The plant yields about 1% of an essential oil from the roots.
Seed is edible. An essential oil from the leaves and root is used as a flavouring in ice cream, baked goods, condiments etc. It is especially important in apple flavours. The leaves can also be used as a condiment. The plant is used in moderation as a herbal tea.
It is used in perfumery to provide a 'mossy' aroma, though the scent is considered to be disagreeable by many people. The dried roots are also placed in linen cupboards and clothes drawers in order to scent the clothes.
The dried root attracts rats and cats, it can be used as a bait to lure them away from other areas.An ingredient of 'QR' herbal compost activator. This is a dried and powdered mixture of several herbs that can be added to a compost heap in order to speed up bacterial activity and thus shorten the time needed to make the compost. The plant can also be used to make a very good liquid plant feed. It attracts earthworms. The leaves are very rich in phosphorus.
|Phosphorous||Antispasmodic, Beverage, Carminative, Compost, Diuretic, Essential, Flavouring, Fragrance, Hypnotic, Insectiary, Nervine, Sedative, Stimulant|
|258||Wild Hollyhock||Malvaceae||Alcea rosea (dg fo pf wp)||14||Seed: sow April/May or August/September in pots or in situ. Easily grown from seed, which usually germinates in about 2 - 3 weeks at 20°c. When large enough to handle, prick the seedlings out into individual pots and plant them out in the summer.
Division after flowering. Only use rust-free specimens.
Root cuttings in December.
Basal cuttings at almost any time of year.
Succeeds in most soils. Poor soils should be enriched with organic matter. Prefers a heavy rich soil and a sheltered sunny position. Plants are hardy to about -15°c.A very ornamental plant, it is usually grown as a biennial due to its susceptibility to the fungal disease 'rust'. There are many named varieties. Young plants, and also the young growth in spring, are very attractive to slugs.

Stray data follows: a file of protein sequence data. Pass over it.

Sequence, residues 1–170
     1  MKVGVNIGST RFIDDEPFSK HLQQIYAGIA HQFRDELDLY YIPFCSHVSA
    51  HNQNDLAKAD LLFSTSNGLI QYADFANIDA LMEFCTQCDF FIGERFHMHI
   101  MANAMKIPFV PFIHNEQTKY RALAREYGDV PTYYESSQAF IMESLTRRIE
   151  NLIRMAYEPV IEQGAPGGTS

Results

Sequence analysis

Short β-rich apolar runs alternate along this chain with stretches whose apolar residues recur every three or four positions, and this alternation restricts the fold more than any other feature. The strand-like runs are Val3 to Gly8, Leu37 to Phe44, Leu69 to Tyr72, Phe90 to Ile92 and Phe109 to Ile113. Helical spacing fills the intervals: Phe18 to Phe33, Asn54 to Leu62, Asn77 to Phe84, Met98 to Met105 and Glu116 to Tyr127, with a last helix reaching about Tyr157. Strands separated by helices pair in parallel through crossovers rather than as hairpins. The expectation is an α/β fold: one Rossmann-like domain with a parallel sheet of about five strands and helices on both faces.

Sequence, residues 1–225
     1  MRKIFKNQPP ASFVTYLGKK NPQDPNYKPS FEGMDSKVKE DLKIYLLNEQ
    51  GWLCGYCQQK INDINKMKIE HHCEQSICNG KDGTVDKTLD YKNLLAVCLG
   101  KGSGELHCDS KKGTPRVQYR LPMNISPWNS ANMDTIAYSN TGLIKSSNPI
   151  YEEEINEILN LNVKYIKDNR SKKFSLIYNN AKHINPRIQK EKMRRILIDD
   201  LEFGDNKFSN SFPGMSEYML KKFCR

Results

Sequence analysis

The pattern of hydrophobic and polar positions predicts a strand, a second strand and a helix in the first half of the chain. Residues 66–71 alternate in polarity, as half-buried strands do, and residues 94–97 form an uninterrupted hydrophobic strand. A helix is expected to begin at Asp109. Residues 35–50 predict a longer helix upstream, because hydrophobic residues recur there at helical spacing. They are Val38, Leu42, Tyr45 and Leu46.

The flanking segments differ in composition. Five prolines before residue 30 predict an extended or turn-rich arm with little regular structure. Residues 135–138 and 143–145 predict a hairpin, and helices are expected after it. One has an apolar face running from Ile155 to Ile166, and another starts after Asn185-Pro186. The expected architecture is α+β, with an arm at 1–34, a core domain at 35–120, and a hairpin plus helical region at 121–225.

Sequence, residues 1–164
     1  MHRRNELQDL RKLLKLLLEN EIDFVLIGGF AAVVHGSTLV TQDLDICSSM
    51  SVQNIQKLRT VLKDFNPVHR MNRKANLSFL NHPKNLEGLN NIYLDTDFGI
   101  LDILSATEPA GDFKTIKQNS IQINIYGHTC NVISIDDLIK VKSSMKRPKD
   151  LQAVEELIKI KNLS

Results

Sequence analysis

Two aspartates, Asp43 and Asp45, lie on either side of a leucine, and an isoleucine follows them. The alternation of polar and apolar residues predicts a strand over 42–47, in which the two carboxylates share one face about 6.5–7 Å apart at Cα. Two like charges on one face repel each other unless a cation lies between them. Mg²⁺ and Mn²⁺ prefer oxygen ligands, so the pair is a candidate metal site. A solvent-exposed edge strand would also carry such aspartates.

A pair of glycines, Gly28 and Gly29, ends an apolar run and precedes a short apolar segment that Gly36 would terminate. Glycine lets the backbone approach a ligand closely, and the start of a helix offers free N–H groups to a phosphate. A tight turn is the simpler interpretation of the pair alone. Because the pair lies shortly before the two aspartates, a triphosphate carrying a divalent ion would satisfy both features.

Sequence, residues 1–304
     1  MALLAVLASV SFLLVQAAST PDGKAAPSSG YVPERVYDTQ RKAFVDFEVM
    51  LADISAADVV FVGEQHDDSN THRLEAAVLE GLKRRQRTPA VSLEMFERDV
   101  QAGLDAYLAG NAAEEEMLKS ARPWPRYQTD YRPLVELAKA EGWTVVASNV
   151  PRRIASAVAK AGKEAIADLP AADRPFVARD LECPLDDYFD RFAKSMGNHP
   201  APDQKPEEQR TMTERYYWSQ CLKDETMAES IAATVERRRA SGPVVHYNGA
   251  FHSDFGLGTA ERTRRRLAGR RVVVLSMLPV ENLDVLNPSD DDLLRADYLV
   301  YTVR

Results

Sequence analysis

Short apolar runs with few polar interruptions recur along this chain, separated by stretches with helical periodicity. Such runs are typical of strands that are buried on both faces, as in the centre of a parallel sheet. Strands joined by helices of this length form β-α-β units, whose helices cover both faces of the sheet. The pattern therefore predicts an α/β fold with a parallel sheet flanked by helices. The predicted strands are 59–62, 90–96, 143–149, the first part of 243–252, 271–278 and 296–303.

|sun or partial shade||moist||clay||0 each||The flowers are demulcent, diuretic and emollient. They are useful in the treatment of chest complaints, and a decoction is used to improve blood circulation, for the treatment of constipation, dysmenorrhoea, haemorrhage etc.
The flowers are harvested when they are open and are dried for later use. The shoots are used to ease a difficult labour. The root is astringent and demulcent. It is crushed and applied as a poultice to ulcers. Internally, it is used in the treatment of dysentery. The roots and the flowers are used in Tibetan medicine, where they are said to have a sweet, acrid taste and a neutral potency. They are used in the treatment of inflammations of the kidneys/womb, vaginal/seminal discharge, and the roots on their own are used to treat loss of appetite.
The seed is demulcent, diuretic and febrifuge.
Edible: young leaves, raw or cooked. A mild flavour, but the texture leaves something to be desired. They have been used as a pot-herb, though they are not particularly palatable. They can also be chopped up finely and added to salads.
Inner portion of young stems, raw. Flower petals and flower buds, raw. Added to salads.
A nutritious starch is obtained from the root.
A refreshing tea is made from the flower petals.
A fibre obtained from the stems is used in papermaking. The fibres are about 1.9mm long. The stems are harvested in late summer, the leaves are removed and the stems are steamed until the fibres can be removed. The fibres are cooked with lye for 2 hours and then ball milled for 3 hours or pounded with mallets. The paper is light tan in colour.
The flowers are an alternative ingredient of 'Quick Return' herbal compost activator. This is a dried and powdered mixture of several herbs that can be added to a compost heap in order to speed up bacterial activity and thus shorten the time needed to make the compost.
The seed contains 12% of a drying oil.
The red anthocyanin constituent of the flowers is used as a litmus.A brown dye is obtained from the petals.
|Antiinflammatory, Astringent, Beverage, Compost, Demulcent, Diuretic, Dye, Emollient, Febrifuge, Fibre, Litmus, Oil, Ornamental|